As far as the science fictional elements are concerned, Bacigalupi casually throws them in, just enough for us to know that this isn’t entirely familiar territory. These elements are quick, clever and effective. There are Clearsacs that filter urine into drinkable water, intravenous medical growth stimulants to heal wounds fast, and of course the arcologies—insular compounds that exist like mini-planets, with their own ecosystem to generate water and filter air, where ‘with A/C and industrial air filters and 90 percent water recycling, life could still be good, even in Hell.’
The Water Knife is a sharp, smart and tense near-future thriller that began life as the 2006 story “The Tamarisk Hunter.” Set in the same drought ridden world, it’s well written, paced and plotted so expertly that it doesn’t feel didactic even though (as always) Bacigalupi has a great deal to say on the situation of climate change and drought and while he says it all, but he never forgets that he’s also here to entertain—he’s not a journalist, he’s a writer of fiction, a storyteller with eyes very wide open. Not everyone is going to share his vision, or like it, though. This is going to be very brutal reading for a lot of people. Many readers will find it bleak, many will find it going just too far with gruesome violence used to prove how quickly society can descend into chaos and corruption. ‘I already made it out of one apocalypse. I don’t need another,’ says one of the characters, but what’s left behind isn’t ever going to be easy to survive either.
I’ll warily venture a personal comment here: most of the people who find this bleak will be those who have never turned on the tap and found it dry, those who have never run out of water mid-shower, those who have never run out of the expensive drinking water that lets them live because they can’t get out to buy more, those who have never dealt with a water tanker mafia that decides to hike up water prices because they have been wronged by some sector of the local government, those who had to pay off local thugs to be left alone to run their business, those who have never been held up at a traffic light or been robbed. For those who live in criminalised societies in cities armed to the teeth and rife with civil violence, those who with constant fear and no sense of safety, the world of The Water Knife is already so familiar that we can not afford to look away just because it’s depressing. We can only learn and hope that we somehow stop things from going that far. When you live in a dystopia, fictional ones don’t worry you enough to not read about them, no matter how bad they may be.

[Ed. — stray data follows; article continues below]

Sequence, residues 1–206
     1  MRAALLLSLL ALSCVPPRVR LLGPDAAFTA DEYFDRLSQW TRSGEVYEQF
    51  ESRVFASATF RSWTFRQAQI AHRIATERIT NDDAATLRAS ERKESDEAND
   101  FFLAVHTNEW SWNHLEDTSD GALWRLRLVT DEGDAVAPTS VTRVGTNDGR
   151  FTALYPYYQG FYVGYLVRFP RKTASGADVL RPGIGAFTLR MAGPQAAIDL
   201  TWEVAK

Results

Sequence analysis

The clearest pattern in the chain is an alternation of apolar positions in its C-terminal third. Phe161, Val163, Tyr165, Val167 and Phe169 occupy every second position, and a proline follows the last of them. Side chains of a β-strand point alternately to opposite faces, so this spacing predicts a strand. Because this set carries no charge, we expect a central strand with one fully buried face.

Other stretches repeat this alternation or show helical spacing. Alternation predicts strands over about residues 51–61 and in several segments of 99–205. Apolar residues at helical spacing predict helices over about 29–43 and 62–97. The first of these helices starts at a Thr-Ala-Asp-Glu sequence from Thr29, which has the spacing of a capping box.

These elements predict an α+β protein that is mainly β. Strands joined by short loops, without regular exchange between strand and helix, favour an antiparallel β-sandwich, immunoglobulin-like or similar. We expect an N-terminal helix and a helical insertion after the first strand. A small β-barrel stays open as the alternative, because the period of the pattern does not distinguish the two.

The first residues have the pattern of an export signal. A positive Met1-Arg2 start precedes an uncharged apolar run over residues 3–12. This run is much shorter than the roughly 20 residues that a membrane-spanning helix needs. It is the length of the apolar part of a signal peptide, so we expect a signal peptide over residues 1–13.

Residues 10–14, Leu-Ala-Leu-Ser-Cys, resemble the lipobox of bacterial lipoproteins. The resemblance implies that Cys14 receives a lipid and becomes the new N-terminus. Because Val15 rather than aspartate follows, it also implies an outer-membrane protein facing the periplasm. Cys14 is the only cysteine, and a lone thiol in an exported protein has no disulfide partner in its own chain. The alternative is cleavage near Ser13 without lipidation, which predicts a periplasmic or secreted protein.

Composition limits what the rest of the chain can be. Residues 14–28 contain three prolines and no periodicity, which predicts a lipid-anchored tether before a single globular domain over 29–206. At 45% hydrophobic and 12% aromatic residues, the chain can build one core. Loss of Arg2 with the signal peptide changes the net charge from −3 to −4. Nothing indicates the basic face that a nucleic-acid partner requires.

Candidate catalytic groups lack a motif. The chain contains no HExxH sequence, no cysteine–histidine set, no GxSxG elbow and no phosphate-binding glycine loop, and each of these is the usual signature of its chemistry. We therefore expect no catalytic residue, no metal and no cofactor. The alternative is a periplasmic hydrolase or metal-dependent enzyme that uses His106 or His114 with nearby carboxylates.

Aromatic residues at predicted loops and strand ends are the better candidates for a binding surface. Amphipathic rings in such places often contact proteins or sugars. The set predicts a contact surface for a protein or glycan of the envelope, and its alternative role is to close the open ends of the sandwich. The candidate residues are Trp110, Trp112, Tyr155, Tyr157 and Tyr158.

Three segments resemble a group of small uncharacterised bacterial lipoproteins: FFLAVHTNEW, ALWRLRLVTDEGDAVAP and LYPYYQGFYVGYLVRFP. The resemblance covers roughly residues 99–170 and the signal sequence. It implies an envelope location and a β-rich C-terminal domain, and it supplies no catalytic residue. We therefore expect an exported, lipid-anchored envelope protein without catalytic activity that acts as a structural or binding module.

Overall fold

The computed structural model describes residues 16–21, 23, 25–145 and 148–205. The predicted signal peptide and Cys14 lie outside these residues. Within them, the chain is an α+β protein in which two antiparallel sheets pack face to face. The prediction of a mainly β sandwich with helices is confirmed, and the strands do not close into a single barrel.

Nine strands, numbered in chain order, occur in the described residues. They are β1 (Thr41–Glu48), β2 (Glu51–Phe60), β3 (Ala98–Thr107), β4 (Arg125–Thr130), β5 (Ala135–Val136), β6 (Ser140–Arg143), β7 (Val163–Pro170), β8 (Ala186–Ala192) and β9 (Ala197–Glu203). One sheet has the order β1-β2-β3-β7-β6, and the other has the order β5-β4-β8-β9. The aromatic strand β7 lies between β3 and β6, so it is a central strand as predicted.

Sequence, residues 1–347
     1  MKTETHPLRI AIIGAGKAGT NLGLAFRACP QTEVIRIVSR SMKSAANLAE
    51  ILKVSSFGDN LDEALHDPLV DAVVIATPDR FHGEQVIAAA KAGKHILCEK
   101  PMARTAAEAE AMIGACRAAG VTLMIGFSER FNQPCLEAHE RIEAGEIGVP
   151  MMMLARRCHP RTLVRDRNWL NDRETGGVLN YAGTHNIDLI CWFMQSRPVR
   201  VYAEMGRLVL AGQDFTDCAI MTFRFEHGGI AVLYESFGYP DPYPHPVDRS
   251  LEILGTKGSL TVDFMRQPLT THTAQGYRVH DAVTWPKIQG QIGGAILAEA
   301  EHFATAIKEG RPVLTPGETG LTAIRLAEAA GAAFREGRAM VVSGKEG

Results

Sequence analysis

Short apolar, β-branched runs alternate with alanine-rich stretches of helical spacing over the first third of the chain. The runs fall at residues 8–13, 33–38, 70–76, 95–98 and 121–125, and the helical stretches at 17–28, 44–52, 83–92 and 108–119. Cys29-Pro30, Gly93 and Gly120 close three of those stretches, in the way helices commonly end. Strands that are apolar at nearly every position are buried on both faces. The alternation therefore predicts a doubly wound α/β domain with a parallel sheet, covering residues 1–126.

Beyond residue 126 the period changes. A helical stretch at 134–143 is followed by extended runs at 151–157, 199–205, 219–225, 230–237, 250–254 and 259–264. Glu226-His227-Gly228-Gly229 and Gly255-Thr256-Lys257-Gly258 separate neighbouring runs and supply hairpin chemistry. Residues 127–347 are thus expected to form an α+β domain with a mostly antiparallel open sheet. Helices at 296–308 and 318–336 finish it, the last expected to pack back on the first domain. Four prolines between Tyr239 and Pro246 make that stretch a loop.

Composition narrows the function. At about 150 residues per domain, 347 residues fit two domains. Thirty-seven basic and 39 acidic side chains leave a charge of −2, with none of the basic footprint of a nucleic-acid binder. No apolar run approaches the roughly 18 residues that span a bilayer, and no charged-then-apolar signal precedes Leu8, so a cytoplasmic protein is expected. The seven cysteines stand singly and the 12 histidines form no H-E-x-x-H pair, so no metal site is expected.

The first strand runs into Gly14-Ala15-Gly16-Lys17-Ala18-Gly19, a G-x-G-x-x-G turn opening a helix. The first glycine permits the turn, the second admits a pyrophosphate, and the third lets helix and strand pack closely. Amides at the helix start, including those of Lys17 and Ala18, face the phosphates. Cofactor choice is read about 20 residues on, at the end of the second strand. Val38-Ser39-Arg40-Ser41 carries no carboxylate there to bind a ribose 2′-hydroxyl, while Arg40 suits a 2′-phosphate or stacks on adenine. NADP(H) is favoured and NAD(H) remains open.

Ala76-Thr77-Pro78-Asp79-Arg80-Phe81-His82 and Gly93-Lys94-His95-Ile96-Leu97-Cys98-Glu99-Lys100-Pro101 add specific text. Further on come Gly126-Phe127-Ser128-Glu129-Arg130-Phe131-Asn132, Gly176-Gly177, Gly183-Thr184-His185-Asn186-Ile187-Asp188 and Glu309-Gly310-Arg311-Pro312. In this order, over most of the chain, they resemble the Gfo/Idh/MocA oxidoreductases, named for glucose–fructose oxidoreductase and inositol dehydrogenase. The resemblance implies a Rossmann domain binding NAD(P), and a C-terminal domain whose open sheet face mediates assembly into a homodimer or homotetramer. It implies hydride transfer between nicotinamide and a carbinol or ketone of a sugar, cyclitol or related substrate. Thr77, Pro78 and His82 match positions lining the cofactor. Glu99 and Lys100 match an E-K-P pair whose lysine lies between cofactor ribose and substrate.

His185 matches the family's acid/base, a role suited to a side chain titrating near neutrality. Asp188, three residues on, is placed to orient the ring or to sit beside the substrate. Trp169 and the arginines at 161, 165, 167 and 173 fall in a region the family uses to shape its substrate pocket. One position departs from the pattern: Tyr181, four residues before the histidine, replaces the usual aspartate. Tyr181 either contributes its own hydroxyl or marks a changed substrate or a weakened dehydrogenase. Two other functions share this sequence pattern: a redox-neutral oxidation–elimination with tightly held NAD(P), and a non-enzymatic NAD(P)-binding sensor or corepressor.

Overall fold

Bacigalupi’s Phoenix sounds a lot like the city I live in, the world many know, fear and love. It’s a place that ‘made people crazy… Sometimes it turned people into devils so bad they weren’t recognisable as human. And other times it turned them into goddamn saints.’ Here’s hoping we’ll let the saints survive.